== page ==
Ornamental grasses are the ‘grand dames’ in the fall garden. Their dramatic plumes dance in the autumn breeze and are especially breathtaking when backlit by afternoon sun.
Grasses come in a range of heights, colors, blade widths and stature. Mature heights can be as petite as 6” (Black Mondo Grass) or soar to over 12’ (Miscanthus ‘Giganteus’). Blade colors can be shades of green as well as blue, yellow, black, burgundy-red or bi-color. Some grasses have extremely narrow blades (Carex ‘Bowles Golden’) while others have girths of an inch or more (Carex ‘Banana Boat’). Their ‘postures’ can be narrow and upright, (Calamagrostis ‘Karl Foerster’); short and spikey (Blue Oat Grass) vase-shaped (Miscanthus ‘Morning Light’) or cascading (Japanese Forest Grass).
Ornamental grasses fall into two categories as far as flowering time. Cool season grasses bloom in early to midsummer. Examples in this group are Blue Fescue and Blue Oat Grass. Warm season grasses are prized for their showy displays. Switch Grass (Panicum), Fountain Grass (Pennisetum) and Miscanthus are popular picks. Bloom colors can be white, cream, rose, tan or pink.
When buying ornamental grasses, make sure you select ‘clumpers’, not those that spread rapidly by renegade roots (rhizomes) or above-ground stems (stolons). Ribbon Grass (Phalaris) is one of those ‘enthusiastic’ grasses that will follow you into the house if you let it. One way to control their march is to sink them in a 3’ or 5’ pot. If the plant tag description is not clear about how they grow, ask.
Grasses provide wonderful winter interest as well. Leave them be in the fall. You may want to stake larger grasses so they keep ‘good posture’ in winter after it snows. Prune the foliage to within 2” to 3” of the ground in late winter or early spring. Use a power hedge trimmer or sharp pruning shears for larger grasses. To save time raking up blades, place twine, bungee cord or duct tape around the plant’s ‘waist’ before whacking. Some grasses have razor-sharp blades so use protective gloves when handling them. Shorter grasses like Blue Fescues can be ‘deadleafed’ by simply running your fingers through the clump and pulling out brown foliage.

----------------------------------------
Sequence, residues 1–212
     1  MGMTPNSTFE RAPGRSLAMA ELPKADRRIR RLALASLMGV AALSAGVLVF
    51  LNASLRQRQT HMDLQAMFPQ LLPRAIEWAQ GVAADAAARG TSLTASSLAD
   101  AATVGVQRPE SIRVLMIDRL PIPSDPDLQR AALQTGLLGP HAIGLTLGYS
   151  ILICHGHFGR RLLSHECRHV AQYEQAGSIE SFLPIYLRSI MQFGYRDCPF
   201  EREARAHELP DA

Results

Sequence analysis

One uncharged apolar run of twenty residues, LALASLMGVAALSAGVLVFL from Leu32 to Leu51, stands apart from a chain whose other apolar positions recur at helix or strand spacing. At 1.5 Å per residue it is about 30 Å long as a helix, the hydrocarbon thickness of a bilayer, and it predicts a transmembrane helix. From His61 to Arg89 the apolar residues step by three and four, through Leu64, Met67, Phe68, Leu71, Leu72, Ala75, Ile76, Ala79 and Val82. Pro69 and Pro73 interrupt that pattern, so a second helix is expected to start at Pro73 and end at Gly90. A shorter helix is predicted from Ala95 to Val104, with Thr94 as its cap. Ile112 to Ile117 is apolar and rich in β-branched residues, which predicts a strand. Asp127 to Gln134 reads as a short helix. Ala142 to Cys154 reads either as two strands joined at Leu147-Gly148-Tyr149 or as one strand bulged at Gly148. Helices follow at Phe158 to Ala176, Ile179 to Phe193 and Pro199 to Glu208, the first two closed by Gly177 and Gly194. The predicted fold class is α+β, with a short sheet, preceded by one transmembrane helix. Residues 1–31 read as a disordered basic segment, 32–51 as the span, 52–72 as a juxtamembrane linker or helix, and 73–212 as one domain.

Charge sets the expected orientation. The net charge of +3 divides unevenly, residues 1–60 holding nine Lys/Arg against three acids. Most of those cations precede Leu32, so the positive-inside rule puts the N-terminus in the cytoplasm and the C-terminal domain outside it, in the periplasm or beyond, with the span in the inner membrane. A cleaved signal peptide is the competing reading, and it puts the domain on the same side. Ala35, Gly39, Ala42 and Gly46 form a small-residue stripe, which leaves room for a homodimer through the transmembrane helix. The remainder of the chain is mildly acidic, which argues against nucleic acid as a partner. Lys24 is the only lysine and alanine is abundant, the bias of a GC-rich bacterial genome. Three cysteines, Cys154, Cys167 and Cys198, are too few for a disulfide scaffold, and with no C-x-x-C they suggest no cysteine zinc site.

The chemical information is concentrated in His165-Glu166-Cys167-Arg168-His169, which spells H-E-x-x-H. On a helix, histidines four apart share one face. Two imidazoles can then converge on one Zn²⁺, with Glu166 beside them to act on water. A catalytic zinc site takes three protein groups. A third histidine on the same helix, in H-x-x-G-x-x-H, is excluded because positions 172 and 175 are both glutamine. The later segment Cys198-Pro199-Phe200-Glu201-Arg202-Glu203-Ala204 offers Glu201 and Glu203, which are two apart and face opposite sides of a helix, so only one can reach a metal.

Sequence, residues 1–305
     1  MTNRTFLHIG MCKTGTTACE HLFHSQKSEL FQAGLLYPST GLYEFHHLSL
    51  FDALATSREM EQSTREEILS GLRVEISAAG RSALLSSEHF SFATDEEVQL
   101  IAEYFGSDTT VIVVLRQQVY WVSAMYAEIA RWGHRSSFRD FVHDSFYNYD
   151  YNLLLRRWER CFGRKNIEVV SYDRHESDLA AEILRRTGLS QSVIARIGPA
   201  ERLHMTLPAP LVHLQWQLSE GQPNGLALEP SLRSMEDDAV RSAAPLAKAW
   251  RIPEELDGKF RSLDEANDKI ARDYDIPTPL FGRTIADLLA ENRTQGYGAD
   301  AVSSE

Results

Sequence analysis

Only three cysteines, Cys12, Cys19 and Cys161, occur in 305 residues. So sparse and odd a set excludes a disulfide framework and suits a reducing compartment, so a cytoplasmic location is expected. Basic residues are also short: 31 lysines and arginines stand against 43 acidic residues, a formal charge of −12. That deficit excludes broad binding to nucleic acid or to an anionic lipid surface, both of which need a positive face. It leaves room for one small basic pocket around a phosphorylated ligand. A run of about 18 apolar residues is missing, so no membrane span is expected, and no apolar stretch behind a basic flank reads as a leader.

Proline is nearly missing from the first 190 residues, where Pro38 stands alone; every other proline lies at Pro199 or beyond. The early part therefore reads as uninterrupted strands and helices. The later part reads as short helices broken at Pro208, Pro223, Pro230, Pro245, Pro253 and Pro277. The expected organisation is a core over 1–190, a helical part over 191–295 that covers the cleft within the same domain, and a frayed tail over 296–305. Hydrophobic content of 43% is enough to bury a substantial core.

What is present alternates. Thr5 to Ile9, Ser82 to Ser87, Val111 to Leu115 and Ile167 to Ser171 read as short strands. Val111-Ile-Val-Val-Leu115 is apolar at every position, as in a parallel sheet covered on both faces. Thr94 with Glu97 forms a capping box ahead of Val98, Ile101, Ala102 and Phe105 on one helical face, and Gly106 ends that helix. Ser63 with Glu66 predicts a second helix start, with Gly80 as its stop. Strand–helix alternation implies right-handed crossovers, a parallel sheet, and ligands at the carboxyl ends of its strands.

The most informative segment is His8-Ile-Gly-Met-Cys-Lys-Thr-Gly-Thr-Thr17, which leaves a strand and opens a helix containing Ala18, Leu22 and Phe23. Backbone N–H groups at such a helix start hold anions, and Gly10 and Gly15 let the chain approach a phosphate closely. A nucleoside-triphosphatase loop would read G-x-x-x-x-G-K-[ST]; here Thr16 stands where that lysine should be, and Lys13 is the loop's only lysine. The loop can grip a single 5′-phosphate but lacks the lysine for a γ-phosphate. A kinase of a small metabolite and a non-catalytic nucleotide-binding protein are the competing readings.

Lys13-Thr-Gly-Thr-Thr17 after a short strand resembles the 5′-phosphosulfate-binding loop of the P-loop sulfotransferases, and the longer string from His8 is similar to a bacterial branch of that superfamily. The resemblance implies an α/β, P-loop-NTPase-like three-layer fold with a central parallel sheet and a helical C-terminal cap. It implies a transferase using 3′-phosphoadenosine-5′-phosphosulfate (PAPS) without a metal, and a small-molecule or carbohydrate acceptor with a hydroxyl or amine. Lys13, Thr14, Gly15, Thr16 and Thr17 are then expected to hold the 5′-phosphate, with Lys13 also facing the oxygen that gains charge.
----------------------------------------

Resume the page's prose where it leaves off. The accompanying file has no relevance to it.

The best time to divide grasses is in late winter or early spring after you’ve cut them back or ‘combed’ them. Depending on the grass, you may need a saw, ax, machete or chainsaw to get through the dense root mass. Keep going, don’t let it get the best of you.
Most ornamental grasses prefer full sun and are quite drought tolerant. But there are also shade lovers that make terrific companions with Hosta, Astilbe and Bleeding hearts. All grasses are deer resistant. Bravo!
Below are some of my favorite grasses for the Capital Region
Japanese Forest Grass, Hakone Grass (Hakonechloa) 12” – 24” tall. Part to Full Shade. Late summer, fall bloomer. Creamy-tan flowers. This is a lovely, cascading grass. It does a superb job softening edges. ‘Aureola’, with shimmering gold and green variegated blades, was the Perennial of the Year in 2009. ‘All Gold’ has a more upright habit with solid gold leaves. ‘Albo Striata’ is green and white and ‘Beni Kaze’ starts out green and then reddens in cooler weather. Zones 5 – 9